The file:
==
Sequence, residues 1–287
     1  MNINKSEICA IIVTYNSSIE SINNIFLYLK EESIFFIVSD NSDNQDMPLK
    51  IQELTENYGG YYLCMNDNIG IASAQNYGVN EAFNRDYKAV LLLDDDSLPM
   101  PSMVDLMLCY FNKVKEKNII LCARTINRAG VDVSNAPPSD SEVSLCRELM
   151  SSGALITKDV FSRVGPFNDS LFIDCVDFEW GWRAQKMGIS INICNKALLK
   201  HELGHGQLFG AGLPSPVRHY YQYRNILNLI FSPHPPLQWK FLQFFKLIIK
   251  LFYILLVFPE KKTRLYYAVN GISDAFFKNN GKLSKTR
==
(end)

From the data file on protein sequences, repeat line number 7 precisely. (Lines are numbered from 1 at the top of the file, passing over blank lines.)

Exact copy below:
   251  LFYILLVFPE KKTRLYYAVN GISDAFFKNN GKLSKTR